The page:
Wondering where to get started? The following are guidelines on how to use GameBriefcase effectively. These are not hard rules, but there are very few exceptions, so follow them unless you have a mighty good reason to do otherwise.
Stick to Appropriate Content
Appropriate content for this wiki is limited to material relating to amateur/indie/semi-professional game design. Primarily it's intended for homebrew expansion/variant designs for popular gaming systems such as Dungeons & Dragons, but it's open to all systems, and to completely original material.
Keep in mind that any material you add to the wiki will be publicly available. If you do not want something to be seen, do not post it. At this stage, there is no wikidot function to set view permissions for different pages, so you cannot pick and choose who can see your pages except via an obscure workaround you will have to implement yourself.
Keep It Factual
The wiki should maintain a factual, mostly objective tone where possible. If you want to make comments on your personal opinions, or enter into discussion with other users, use the "discuss" link found at the bottom of the page on which you wish to comment.
License Your Content
It is your responsibility to include any relevant copyright/creative commons/etc. information which is relevant to your articles. Unless otherwise mentioned, your work will be treated by the wiki as being under a Creative Commons Attribution-NoDerivs 3.0 License, which essentially means that anybody can distribute it as long as they give you credit and do not modify it. If you want your work to be governed by a different license or your own terms, you MUST say so in the article.
If you wish to add a nice formal-looking notice for work which is copyrighted or released under the Open Gaming License (OGL), see the wiki's collection of templates.
Place Your Articles Thoughtfully
This is a shared wiki, so page names/locations may wind up overlapping sometimes. Keep this in mind when naming your pages - if you want to write about elves in your setting, do not name your page "elves", but instead something like "mysetting-elves" or "myname-elf-variant". This keeps your page separate from other elf pages which might be situated on the wiki. You can have the title of you page display something which looks better - "Elves in MySetting", "MyName's Elf Variant" - so keep the page name/url as practical as possible.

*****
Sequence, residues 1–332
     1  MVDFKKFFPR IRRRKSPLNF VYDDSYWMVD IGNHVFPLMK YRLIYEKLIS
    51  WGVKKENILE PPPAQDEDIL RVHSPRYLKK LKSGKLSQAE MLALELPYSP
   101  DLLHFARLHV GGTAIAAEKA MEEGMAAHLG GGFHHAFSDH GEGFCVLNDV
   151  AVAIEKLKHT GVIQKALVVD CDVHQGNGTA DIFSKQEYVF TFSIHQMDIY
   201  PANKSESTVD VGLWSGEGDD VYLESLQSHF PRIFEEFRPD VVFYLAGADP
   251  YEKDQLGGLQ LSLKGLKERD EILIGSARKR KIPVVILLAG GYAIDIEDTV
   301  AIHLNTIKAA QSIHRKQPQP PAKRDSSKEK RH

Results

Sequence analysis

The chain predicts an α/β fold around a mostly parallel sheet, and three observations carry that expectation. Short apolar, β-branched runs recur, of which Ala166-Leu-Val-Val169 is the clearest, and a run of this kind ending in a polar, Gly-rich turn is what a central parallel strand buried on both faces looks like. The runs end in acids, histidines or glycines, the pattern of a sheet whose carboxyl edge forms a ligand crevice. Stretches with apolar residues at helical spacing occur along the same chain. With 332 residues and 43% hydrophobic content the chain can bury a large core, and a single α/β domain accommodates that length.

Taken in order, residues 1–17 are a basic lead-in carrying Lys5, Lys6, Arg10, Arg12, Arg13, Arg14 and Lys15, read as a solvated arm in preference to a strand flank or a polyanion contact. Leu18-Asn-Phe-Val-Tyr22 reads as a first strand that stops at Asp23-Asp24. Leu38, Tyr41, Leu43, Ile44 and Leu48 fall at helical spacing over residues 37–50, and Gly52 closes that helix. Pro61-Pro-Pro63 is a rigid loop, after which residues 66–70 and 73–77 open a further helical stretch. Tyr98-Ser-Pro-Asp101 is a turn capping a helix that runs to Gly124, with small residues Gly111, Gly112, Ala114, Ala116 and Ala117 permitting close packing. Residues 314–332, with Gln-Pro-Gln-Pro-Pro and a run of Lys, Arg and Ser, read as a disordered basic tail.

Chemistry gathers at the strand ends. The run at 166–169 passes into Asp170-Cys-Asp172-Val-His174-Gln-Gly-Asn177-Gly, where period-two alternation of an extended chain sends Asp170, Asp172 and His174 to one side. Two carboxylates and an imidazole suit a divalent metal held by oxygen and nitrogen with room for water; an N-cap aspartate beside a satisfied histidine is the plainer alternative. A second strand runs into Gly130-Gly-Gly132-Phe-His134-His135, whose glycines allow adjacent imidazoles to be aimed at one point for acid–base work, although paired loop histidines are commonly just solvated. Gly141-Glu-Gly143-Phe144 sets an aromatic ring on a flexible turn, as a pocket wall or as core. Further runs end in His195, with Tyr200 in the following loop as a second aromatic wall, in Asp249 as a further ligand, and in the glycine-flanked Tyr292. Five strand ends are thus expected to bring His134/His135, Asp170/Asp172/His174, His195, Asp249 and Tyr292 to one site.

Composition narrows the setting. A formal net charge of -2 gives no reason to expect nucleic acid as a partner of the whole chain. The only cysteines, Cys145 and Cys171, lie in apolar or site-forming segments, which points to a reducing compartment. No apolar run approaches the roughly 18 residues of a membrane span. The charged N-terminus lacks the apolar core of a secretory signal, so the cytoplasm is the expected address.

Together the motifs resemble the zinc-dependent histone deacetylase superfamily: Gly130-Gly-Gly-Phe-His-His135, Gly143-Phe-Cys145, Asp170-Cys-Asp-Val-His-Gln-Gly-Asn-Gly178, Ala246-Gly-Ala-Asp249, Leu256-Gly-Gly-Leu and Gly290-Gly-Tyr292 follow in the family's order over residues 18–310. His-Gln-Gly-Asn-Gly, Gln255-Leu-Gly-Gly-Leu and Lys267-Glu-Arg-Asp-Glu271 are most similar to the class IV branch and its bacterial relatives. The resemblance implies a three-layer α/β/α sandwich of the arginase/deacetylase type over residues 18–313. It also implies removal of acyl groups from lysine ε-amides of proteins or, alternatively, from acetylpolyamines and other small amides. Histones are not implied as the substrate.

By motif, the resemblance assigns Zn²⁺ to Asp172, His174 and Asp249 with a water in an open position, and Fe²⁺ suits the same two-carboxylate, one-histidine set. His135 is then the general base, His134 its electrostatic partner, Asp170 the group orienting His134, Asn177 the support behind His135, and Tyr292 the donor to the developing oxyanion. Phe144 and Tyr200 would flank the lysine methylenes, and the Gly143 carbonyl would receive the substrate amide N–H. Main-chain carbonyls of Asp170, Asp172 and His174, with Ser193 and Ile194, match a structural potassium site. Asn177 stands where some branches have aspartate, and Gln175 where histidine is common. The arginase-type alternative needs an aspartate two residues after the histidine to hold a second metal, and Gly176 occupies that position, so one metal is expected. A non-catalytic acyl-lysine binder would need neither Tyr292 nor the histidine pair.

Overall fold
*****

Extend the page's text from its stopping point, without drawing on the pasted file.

In some cases, you can go ahead and use the title of your page as the name, when it's unique. For example, if you have your own setting or system, it probably has a unique title - you can place that article at "mysetting" rather than having to worry about "myname-mysetting" or anything like that. In fact, using that title as a prefix to sort all your articles is a great idea.
Tag Your Articles Appropriately
See that link at the bottom of the page? You need to add tags to all your pages. Don't be too specific - a tage is probably not appropriate if there are only one or two pages that would have it - but make sure you cover the basics, such as content type (race/class/variant etc.), the system or setting (if appropriate), and the license (if appropriate).
Categories for Function, Tags for Thematics
"Categories" on wikidot enable you to place things in different namespace - e.g., "system:mypage" instead of just "mypage". It is the rule of this wiki to use categories to denote the type of article, not its affiliation to an author/setting or its content. For example, good categories include "template:mypage", "user:mypage" and "system:mypage", while inappropriate categories would be things like "dnd:mypage", "race:mypage", "fluff:mypage" or "variant:mypage".
This is simply to prevent functional categories (the "good" list) from being mixed in with thematic/content-based categories (the "bad" list). The reason it's handled this way is because a page can only be placed in one category on the wiki. That page almost certainly only fits into one functional category, it will probably fit into many thematic categories (an article about elves in your setting could be categorised for race, fluff, the setting, the system, you as an author, or any number of other themes). Therefore, use tags instead of categories to describe the content of your pages. You will rarely ever need to use page categories yourself, unless you wish to make yourself a user page (user:myname).
Don't Waste Space
The wiki has a limited amount of space for storing files such as images, character sheets and so forth. Please store files in your own webspace (if you have any) wherever possible. If you upload such content to the wiki, it must be compressed as efficiently as possible - images should be moderate or low resolution and stored as jpeg, or limited colour png (especially for B&W/greyscale images) and other files should be either natively small or archived.
Ready to start adding your articles? We have a number of templates to help you, especially if you happen to be posting D&D content. Just type the desired name of your page into the "Add New Page" field at left. You can choose a page template based on the official D&D books (including a pre-made class table which fills out some areas automatically), by selecting the appropriate template from the "Initial content" list below your page's title.